Salvini: the unyielding face of Italian nationalism

Charles ONIANS
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Italy's Interior Minister Matteo Salvini has promoted a nationalist, anti-immigrant agenda

After rising to and falling from government with his "Italians first" rallying cry and anti-migrant diatribes, far-right leader Matteo Salvini remains hugely popular and has set his sights on a return to power despite an impending trial.

The 46-year-old from Milan, who stands accused of blocking migrants from leaving a coast guard boat last year, remains Italy's most vociferous and controversial politician.

Even after senators voted on Wednesday to strip him of his parliamentary immunity he cut a defiant, unyielding figure, saying that he was not worried and "proud" of what he had done.

"I will do it again as soon as I get back into power," he said.

It is a typically pugnacious stance from a man who divides public opinion. While many believe he should be running the country, others see a similarity to Benito Mussolini, the 20th century fascist leader who led Italy into the Second World War.

The former deputy prime minister and interior minister had stayed largely out of the headlines as he languished for months in opposition after a miscalculated power grab last year.

After leaving power in August, Salvini continued to promote his nationalist, anti-immigrant mantra while dismissing criticism that he uses racist, xenophobic and tasteless language.

"Thank you, finally, I would do it all again," Salvini said after he was effectively kicked out of government, his popularity remaining high largely thanks to his tough anti-migrant stance.

Latest opinion polls predict Salvini's League party would be the largest with around 30 percent of votes if snap elections were called, as Salvini wants.

However, his party suffered a major setback in January when they lost regional elections in the traditionally left-wing Emilia Romagna, breaking their previously unstoppable momentum.

Salvini's s blunt attacks on migrants, as well as Islam, gay marriage and criminals, have replaced the historic northern secessionist battle cries of the League and seen his party take region after region.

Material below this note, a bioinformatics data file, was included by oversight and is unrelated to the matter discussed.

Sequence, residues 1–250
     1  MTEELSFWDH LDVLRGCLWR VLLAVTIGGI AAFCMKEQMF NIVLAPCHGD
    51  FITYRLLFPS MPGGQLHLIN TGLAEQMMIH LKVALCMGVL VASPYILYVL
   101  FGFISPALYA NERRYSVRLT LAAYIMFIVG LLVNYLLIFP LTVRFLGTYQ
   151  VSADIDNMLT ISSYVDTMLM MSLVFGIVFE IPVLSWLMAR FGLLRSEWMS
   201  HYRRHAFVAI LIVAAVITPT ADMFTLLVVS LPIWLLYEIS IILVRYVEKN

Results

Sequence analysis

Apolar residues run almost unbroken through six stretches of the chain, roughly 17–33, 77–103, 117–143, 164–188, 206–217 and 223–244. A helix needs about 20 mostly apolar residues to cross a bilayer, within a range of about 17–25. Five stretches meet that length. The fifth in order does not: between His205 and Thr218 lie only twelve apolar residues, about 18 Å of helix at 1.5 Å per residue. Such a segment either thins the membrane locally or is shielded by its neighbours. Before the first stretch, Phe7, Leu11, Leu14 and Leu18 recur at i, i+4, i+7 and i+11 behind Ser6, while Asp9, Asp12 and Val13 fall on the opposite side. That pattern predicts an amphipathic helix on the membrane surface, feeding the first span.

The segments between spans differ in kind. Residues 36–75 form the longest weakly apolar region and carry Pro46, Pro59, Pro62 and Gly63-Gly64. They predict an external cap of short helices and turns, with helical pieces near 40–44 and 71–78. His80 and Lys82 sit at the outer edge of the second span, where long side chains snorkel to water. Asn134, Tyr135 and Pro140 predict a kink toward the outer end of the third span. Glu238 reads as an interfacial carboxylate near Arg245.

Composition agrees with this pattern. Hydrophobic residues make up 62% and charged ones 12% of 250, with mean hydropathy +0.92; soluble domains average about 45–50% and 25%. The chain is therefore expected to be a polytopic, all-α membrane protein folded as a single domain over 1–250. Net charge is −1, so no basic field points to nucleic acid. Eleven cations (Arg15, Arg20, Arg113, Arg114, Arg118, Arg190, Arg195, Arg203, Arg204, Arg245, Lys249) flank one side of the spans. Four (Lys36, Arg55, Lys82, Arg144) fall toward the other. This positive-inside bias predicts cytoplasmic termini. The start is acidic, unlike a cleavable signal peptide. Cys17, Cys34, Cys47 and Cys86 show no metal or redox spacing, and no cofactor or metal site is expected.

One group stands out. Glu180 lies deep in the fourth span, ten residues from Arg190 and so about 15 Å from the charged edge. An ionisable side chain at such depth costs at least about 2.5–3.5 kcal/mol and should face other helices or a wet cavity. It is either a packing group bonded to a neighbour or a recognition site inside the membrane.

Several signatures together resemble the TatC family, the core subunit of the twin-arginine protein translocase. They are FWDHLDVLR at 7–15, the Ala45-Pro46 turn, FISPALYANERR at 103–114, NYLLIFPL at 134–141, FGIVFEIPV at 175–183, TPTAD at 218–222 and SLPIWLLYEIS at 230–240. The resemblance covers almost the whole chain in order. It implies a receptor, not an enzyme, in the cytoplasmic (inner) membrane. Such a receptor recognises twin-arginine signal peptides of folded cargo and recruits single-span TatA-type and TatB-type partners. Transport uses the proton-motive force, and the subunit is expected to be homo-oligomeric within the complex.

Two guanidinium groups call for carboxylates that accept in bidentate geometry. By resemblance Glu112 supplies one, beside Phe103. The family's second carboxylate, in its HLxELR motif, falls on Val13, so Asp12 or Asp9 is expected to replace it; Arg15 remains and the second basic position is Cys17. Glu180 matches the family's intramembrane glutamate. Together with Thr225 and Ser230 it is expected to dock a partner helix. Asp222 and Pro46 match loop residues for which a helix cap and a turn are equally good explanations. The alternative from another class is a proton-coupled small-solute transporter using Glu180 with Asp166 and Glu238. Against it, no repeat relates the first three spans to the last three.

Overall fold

- 'Never say Italy' -

Born in Milan in 1973, Salvini joined what was then the Northern League in 1990, aged just 17, rising quickly through the ranks.

At the time, the Northern League was known for its campaign to secede from Italy, with Salvini making his name while running its Radio Padania, named after the wealthier northern region it wanted to see independent.

One of his shows was called "Never Say Italy" and in 2011, he won notoriety for boycotting Italy's 150-year anniversary celebrations, putting his desk outside Milan city hall to show he was working.

But by 2018, he was campaigning as far south as Matera in the impoverished Basilicata region, where he promised "order, rules, cleanliness" and railed against "out of control" immigration.

He has successfully shifted his party's image from defender of the wealthy north against its "parasite" south, to that of guardian of Italy's national sovereignty.

Facing a migrant crisis with hundreds of thousands landing on Italian shores, Salvini furthered his agenda by appealing to a sense of resentment among many Italians who feel Europe has abandoned them.

A staunch critic of the EU, he opposes same-sex unions, wants to deport foreign criminals and to bulldoze Roma camps.

His nationalist agenda and blunt language has reminded some Italians of the Mussolini era in the 1920s and 30s, when minority groups were persecuted.

- Putin admirer -

A savvy social media user, he successfully pushes his agenda online, updating his followers daily with live videos, photos and even pictures of what he eats.

Salvini has forged alliances with other far-right Europeans like Marine Le Pen, leader of France's National Rally -- formerly the Front National -- and Dutch anti-Muslim politician Geert Wilders.

A known admirer of Russian President Vladimir Putin, Salvini has been pictured in pro-Putin T-shirts on visits to Moscow.

But his relationship with Russia is facing scrutiny after claims last year about an alleged bid by the League to broker $65 million (60 million euros) in covert Russian funding.

Salvini has denied receiving any money but continues to face questions over possible collusion.

Although happy to talk about his two children, Salvini is less happy to discuss his complicated love life.

In 2018 his then girlfriend, model and TV presenter Elisa Isoardi, broke up with him in an announcement on Instagram. Salvini posted a response while saying "I never made my private life public".

His children come from previous relationships, one with ex-wife Fabrizia Ieluzzi, a political journalist, and another former girlfriend Giulia Martinelli.